We offer Plant Therapy® essential oils (singles, synergies, roll-ons), KidSafe essential oils, body care items including carrier oils, lotions, creams, butters, aloe jellies, beard balm and beard oil for men, diffusers, carrying cases, gift sets and other miscellaneous items. Their blog has a lot of great information and can be found here.
As defined by Plant Therapy®, an essential oil is a concentrated, volatile, aromatic liquid that is obtained from the fruits, seeds, flowers, bark, stems, roots, leaves or other parts of a plant. There are estimated to be 10,000 aromatic plants (i.e. that contain essential oils) on Earth, and about 500 of these are processed commercially for essential oil extraction. These oils have been used for centuries for both their healing and aromatic benefits.
The aroma and chemical make-up of essential oils can provide valuable therapeutic benefits. These psychological and physical benefits are usually achieved through methods such as inhalation and topical application of the diluted oil to the skin.
As careful as you may be when using essential oils, problems sometimes arise. The areas of potential concern are phototoxicity, sensitization and skin irritation.
We do NOT recommend ingesting essential oils without proper guidance. They should be used internally only on the advice of a qualified Aromatherapist, Aromatic Practitioner or Naturopath who has been professionally trained at an appropriate level in the use and administration of essential oils.
Please keep essential oils out of the reach of children and pets - they can be lethal if consumed, even in small quantities.
Carrier oil (also known as a fixed oil, base oil or vegetable oil) is used to dilute essential oils and absolutes before they are applied to the skin. They are called a "carrier" oil because they carry the essential oil onto the skin. If applied to the skin undiluted, essential oils, absolutes, CO2s and other concentrated aromatics can cause severe irritation or reactions in some individuals. They can go rancid over time, but essential oils do not. Instead, essential oils "oxidize" and lose their therapeutic benefits.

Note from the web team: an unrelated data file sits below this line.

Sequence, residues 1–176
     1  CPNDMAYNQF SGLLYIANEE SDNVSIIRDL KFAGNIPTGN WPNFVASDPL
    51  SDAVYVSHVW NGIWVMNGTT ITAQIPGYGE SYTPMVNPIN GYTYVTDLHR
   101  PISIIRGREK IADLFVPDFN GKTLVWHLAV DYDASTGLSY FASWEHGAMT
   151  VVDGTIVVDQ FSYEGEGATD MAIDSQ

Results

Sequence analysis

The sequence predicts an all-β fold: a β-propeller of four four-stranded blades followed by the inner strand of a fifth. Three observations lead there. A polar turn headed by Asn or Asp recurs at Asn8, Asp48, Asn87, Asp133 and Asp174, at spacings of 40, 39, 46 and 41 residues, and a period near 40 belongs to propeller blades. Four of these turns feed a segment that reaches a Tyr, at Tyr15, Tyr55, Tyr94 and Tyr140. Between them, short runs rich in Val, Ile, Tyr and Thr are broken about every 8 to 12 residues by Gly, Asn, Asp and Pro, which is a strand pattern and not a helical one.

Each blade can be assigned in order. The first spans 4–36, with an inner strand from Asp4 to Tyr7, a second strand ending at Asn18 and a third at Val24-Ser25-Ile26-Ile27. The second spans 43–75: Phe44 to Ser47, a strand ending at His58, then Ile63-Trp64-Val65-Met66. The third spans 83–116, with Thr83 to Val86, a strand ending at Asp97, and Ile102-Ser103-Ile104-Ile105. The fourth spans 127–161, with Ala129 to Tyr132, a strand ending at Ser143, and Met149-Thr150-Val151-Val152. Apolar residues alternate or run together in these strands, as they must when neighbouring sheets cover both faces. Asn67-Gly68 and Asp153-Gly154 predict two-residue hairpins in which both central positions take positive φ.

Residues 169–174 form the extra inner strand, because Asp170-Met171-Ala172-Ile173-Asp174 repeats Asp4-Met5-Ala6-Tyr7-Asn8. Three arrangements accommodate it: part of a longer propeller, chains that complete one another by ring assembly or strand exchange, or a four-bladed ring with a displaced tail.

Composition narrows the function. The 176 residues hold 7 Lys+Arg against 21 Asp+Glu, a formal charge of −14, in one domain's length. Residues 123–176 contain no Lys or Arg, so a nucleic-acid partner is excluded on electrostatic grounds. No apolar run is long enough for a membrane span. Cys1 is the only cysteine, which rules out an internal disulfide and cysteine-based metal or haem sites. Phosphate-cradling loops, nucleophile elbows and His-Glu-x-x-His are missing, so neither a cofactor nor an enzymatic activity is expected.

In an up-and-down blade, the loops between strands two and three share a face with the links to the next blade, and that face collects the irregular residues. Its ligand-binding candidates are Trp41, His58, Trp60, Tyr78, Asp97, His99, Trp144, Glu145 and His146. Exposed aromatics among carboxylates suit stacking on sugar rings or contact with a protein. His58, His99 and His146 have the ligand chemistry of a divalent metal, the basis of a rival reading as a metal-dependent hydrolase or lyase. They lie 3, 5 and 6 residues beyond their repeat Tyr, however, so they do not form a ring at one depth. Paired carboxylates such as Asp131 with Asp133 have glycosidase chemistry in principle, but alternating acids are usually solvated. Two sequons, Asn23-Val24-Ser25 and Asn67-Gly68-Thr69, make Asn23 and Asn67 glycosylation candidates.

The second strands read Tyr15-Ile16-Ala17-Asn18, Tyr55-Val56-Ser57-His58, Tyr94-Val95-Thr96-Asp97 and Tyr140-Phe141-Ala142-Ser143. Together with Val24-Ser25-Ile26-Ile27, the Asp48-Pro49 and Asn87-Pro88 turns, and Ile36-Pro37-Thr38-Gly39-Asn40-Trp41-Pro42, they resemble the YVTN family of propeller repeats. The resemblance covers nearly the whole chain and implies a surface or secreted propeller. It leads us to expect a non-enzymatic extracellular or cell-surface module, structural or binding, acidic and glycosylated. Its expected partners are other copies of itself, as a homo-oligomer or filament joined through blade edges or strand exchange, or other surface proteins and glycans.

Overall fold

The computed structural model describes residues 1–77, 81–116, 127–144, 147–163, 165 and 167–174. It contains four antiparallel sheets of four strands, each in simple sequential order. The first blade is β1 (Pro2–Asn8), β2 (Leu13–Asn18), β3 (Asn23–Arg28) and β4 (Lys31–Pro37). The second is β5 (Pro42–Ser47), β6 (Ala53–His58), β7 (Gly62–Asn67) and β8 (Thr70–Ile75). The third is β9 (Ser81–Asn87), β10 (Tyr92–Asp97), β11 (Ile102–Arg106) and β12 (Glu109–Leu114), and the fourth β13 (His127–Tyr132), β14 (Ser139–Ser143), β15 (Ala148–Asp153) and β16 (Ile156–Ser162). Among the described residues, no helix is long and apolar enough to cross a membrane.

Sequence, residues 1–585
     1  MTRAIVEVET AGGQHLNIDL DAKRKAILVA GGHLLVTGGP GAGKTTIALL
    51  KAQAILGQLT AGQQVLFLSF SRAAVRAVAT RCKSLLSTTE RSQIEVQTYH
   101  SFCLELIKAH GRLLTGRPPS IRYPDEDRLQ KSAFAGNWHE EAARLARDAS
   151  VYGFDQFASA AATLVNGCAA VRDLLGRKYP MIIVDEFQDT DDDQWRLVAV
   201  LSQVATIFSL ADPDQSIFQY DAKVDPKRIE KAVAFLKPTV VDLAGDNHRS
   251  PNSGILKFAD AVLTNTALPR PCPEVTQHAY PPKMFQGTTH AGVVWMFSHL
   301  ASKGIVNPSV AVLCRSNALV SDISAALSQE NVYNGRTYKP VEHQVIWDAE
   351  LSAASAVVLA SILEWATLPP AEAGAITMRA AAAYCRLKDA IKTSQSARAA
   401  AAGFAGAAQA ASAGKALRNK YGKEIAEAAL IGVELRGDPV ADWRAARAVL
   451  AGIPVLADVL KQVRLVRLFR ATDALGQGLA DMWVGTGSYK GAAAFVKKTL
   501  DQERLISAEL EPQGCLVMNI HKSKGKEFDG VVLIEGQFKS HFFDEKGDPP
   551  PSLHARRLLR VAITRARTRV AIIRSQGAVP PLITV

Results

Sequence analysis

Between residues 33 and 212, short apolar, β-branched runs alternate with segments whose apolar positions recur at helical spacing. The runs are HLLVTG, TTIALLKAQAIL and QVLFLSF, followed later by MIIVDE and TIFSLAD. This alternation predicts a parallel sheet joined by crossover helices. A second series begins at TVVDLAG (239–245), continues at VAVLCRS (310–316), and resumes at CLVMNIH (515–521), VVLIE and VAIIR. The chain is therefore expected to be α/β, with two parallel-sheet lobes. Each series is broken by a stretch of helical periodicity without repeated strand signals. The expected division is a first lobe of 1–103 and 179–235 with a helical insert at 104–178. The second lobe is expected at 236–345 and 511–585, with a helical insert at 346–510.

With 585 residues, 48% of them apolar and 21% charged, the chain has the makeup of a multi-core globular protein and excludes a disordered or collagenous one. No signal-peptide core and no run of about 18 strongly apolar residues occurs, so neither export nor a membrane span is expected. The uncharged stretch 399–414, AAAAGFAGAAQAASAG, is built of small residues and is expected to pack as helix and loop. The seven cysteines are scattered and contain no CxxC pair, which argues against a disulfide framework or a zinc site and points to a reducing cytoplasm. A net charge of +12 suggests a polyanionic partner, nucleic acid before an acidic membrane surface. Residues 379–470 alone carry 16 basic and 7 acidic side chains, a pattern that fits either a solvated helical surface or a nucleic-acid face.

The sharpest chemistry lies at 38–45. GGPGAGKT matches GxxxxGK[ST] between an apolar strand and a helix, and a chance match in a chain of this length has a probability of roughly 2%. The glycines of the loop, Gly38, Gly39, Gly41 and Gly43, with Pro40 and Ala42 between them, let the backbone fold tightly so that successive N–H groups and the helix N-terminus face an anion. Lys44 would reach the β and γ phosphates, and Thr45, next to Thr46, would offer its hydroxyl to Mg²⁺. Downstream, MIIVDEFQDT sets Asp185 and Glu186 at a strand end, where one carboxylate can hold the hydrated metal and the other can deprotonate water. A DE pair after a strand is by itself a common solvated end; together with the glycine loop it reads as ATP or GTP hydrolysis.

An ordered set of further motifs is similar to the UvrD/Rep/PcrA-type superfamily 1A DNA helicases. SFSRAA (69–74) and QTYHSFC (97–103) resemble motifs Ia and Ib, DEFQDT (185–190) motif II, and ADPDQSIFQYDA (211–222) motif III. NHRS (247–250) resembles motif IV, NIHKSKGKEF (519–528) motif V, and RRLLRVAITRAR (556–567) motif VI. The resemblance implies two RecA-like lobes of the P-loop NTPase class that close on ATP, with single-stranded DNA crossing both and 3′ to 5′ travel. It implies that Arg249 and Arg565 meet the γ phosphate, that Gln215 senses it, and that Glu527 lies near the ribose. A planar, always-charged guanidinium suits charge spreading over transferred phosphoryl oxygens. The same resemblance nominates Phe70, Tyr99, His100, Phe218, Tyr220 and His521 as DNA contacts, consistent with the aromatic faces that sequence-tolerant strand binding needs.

Natural lotions, creams, body oils, bath oils, lip balms and other moisturizing skin care products are made using carrier oils. Some basic products only require a simple essential oil and carrier oil blend.
Very simply, a hydrosol is the water that is distilled with an essential oil. When the steam from the distilled water passes through the plant material, it takes with it the volatile oils from the plant. The two travel through the tube at the top of the steam vessel (typically copper) and down through the condensing tube. Once the water and oil have separated, the essential oil is siphoned off the top and what you have left is the hydrosol.
A hydrosol, according to Suzanne Catty, is a chemistry term meaning “water solution.” Hydrosols are also known by a variety of other names such as hydrolats, hydrolates, floral waters or plant waters.
Catty goes on to say it is important to note that hydrosols are NOT simply distilled water with essential oils added to them. In this case, the two do not mix. Some of the water-soluble plant oils will combine with the water and impart therapeutic properties. This creates a much gentler, more diluted product which is generally safer to use than an essential oil.
Aromatherapy, in the truest sense of the word, is the use of 100 percent natural, whole, unadulterated, aromatic essences obtained from specific botanical sources by steam distillation or expression for the benefits of mind, body, and spiritual health. These essences may be pure essential oils, the non-water-soluble, volatile, aromatic compounds found in flowers, leaves, branches, seeds, roots, barks, resins, and fruits and obtained by gentle steam distillation. They may also be the expressed oils found in the rinds of citrus fruits like lemon, orange, bergamot, and grapefruit, which are gathered by squeezing the oil from the peel. Aromatherapy also involves the use of the nonvolatile fatty oils (carrier oils) found in avocados, sesame seeds, and exotics such as rose hips and hazelnuts. Last but not least, aromatherapy uses hydrosols, the aromatic waters coproduced during the steam distillation of essential oils. (Catty, S. (2001). Hydrosols: The Next Aromatherapy. Rochester, VT: Healing Arts Press)
AURA salt cave and wellness cannot make any medical claims regarding this information and we recommend all medical conditions be treated by a physician. We only provide this information about salt therapy as an opinion and do not infer the treatments and/or products and services are medically accepted. We take absolutely no responsibility for individuals who choose to utilize our services in place of a medical practitioner.